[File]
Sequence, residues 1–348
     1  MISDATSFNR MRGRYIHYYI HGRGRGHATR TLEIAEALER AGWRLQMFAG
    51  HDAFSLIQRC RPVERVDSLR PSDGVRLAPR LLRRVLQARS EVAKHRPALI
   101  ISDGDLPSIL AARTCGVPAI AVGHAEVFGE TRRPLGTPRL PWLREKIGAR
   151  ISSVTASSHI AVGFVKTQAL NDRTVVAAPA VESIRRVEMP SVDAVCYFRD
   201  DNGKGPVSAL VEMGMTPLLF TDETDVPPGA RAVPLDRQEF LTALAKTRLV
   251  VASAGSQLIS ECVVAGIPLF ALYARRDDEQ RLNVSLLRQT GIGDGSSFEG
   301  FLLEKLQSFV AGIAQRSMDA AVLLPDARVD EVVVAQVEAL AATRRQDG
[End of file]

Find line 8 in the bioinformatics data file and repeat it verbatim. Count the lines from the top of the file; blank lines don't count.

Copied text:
   301  FLLEKLQSFV AGIAQRSMDA AVLLPDARVD EVVVAQVEAL AATRRQDG